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County commissioners talk budget, opioids, social services and Zika virus

By Matt Schickling



The docks project off the Mill Street Wharf in Bristol now is totally funded.


Commissioner Charlie Martin sees no reason to make Bucks County great again.


“The county is already great and continues to be great,” he said to members of the Lower Bucks Chamber of Commerce during a breakfast meeting at Cairn University this morning.


Martin’s comments followed presentations by fellow commissioners Rob Loughery and Diane Ellis-Marseglia on the state of the county.


Loughery focused on the financials.


“We are in a strong position on many levels,” he said.


The county’s budget has contained a surplus for each of the last four years and earned two triple-A bond ratings, the best possible, which allows Bucks to borrow funds at low interest rates. There has also been only one tax increase in the last 10 years.


Loughery noted that the overall quality of life for Bucks residents has improved as well, referencing thriving business communities and abundant natural resources.


The commissioners did not ignore the challenges facing Bucks.


“I don’t think I have to tell anyone here that one of the big problems we have is dealing with drugs,” Loughery said.


In 2015, there were 117 fatal overdoses in Bucks. Over the last year, the county’s overdose rate has increased by 4 percent.


“We believe one fatal overdose is too many so we have a lot of work to do,” said Diane Rosati, executive director of the county’s Drug and Alcohol Commission.


Rosati spoke on issues directly affecting county residents like diversion of prescription medication, subsequent addiction and having access to the “highest-purity, lowest-cost” heroin in nearby Philadelphia.


To fight this epidemic, Rosati said, Bucks has instituted a successful prescription medication disposal program, educated the public with county-funded programs and distributed hundreds of narcan kits, which can save the lives of those overdosing on heroin or other opioids.


Since its implementation, Bucks police officers have saved over 150 people with the medication. That doesn’t count saves by other emergency responders or civilians.


Loughery touched on other issues facing Bucks like overcrowding in prisons and the increased need for social services, particularly with children and the aging populations.


“Caseworkers in the communities, they’re feeling the strain,” he said. “Those strains, those challenges, they’re not going away.”


The commissioners didn’t just lay out the problems — they talked about some upcoming goals. An important one is reducing county government’s footprint, specifically by dealing with the former courthouse in Doylestown. Since the new Justice Center was built, the old courthouse, now an administration building, is about 60 percent vacant.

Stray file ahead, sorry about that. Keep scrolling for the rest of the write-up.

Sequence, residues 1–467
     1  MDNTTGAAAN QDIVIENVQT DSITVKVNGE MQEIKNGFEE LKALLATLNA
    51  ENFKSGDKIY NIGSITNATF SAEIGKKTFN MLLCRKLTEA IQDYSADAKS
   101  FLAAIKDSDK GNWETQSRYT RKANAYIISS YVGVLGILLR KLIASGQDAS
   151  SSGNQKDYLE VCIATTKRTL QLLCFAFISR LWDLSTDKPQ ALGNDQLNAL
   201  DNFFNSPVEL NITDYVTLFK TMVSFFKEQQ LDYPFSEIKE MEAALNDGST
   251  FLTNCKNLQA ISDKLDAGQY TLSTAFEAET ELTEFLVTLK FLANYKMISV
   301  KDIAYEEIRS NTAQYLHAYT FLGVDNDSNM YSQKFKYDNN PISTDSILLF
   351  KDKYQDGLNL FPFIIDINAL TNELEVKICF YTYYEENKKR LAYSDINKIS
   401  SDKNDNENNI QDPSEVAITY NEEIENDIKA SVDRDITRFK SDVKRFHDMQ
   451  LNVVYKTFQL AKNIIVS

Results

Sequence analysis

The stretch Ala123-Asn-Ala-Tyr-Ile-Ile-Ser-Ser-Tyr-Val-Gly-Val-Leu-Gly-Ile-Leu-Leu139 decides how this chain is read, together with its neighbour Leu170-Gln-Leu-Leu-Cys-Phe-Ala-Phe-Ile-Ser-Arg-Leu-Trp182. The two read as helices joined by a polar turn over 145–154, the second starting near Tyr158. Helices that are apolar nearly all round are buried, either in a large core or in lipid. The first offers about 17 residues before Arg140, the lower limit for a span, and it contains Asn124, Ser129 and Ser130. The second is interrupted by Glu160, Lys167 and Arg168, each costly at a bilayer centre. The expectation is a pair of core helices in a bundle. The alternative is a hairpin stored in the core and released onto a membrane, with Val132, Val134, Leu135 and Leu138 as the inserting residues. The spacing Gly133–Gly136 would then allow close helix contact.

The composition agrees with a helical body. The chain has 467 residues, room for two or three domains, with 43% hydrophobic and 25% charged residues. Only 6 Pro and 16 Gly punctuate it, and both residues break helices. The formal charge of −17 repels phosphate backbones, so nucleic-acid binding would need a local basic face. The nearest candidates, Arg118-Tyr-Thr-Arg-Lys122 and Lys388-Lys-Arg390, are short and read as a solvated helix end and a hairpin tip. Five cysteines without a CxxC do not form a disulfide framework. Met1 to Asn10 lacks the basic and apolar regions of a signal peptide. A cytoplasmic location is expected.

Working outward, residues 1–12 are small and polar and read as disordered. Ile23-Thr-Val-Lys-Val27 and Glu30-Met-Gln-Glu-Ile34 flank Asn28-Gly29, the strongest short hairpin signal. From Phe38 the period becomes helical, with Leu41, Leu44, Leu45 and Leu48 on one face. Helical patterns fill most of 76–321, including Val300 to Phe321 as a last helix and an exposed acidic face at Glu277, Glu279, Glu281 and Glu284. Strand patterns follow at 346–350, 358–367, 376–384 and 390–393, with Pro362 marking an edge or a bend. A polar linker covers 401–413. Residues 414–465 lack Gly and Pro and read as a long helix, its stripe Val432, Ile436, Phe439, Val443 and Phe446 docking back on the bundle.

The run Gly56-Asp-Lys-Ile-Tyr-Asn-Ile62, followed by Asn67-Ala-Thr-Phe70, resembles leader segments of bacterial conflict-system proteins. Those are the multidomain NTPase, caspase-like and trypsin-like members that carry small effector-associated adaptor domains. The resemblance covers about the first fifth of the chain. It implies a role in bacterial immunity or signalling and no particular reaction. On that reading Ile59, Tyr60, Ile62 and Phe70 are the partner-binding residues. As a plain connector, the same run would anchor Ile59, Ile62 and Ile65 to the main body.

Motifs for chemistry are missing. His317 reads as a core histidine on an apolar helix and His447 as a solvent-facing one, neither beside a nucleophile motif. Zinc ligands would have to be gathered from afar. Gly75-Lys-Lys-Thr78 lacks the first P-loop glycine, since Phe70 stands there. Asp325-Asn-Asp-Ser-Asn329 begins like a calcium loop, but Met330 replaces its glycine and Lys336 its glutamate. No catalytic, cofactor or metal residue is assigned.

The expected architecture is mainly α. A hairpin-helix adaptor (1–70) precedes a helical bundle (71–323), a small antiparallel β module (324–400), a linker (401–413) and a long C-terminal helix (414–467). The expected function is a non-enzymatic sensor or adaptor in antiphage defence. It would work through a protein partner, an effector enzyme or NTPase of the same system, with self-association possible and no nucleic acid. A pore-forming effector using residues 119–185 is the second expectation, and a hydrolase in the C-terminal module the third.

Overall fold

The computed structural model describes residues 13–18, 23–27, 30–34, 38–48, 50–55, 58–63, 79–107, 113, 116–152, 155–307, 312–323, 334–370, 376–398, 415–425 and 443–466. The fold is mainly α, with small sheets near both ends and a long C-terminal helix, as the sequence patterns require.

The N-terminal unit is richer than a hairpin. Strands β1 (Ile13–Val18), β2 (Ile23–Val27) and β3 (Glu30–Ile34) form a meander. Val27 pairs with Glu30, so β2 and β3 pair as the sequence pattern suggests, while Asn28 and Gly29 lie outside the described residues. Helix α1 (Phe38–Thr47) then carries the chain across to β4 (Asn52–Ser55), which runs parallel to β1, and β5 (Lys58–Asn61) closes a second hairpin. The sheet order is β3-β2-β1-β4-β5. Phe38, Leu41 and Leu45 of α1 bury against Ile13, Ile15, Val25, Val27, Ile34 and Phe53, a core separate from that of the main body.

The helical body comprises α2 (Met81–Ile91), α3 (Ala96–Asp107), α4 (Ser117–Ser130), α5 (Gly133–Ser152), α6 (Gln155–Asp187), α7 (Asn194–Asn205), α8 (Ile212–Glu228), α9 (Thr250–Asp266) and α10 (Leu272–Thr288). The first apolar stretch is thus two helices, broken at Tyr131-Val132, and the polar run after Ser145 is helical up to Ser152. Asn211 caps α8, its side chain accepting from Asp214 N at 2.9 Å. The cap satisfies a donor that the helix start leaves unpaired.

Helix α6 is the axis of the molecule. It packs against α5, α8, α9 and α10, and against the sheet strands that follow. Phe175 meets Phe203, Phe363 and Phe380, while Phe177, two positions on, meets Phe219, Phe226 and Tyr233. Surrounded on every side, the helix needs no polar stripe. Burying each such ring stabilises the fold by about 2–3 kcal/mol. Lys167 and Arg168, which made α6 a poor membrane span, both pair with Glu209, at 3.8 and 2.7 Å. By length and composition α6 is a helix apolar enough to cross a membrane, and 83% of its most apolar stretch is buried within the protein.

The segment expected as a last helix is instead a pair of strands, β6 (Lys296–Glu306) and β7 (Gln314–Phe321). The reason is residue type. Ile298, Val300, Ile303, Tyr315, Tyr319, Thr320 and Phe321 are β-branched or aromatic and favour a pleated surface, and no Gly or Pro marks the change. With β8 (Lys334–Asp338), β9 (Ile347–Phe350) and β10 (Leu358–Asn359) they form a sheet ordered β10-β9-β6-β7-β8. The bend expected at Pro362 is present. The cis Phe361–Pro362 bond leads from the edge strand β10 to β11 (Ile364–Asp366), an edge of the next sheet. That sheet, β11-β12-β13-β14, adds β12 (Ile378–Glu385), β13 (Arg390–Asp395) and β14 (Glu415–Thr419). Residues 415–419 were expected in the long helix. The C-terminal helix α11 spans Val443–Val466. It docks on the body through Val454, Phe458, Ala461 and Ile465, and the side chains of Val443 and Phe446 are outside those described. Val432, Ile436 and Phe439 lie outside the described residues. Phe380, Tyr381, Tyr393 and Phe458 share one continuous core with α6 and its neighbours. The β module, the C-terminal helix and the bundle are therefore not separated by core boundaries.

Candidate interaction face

Other Bucks agencies have been working out of buildings that the county either owns or leases in and around Doylestown. In renovating the former courthouse, Bucks would be able to move more workers, decrease the need for other office buildings and set aside more funds for services. This process will take three to four years, Loughery said.


Bucks officials are also planning to improve infrastructure. The government tacked on a $5 fee to vehicle registration in February, which goes directly into a fund to maintain the county’s 115 bridges. That adds an estimated $2.5 million to $3 million in revenue, while the county spends $2 million to $4 million maintaining bridges each year.


Ellis-Marseglia spoke about a new initiative meant to improve community interaction with police.


“In an effort to make sure that we are keeping communication lines open and that there are no incidents, we want people to know what to do when a police officer stops you,” she said.


Wallet-sized cards have been made and distributed, with the acronym “SLOW.”


“Shut off your engine, Lower your window, Put your hands On the wheel, Wait for further instructions,” the card reads.


Bucks Health Service Director David Damsker finished the meeting by addressing a worldwide concern: the Zika virus.


He said that there is no immediate need to be alarmed in Bucks, unless you recently traveled to an area where being infected is a known possibility. There have been only two cases reported in Bucks County, but they were infected in Mexico and the Dominican Republic.


“Vaccine is our silver bullet,” Damsker said, noting that trials have been promising and a Zika vaccine may be only one or two years away. “But there’s no local transmission here. There won’t be, I think, for a long time — if ever.”

Paid for by the Friends of Rob Loughery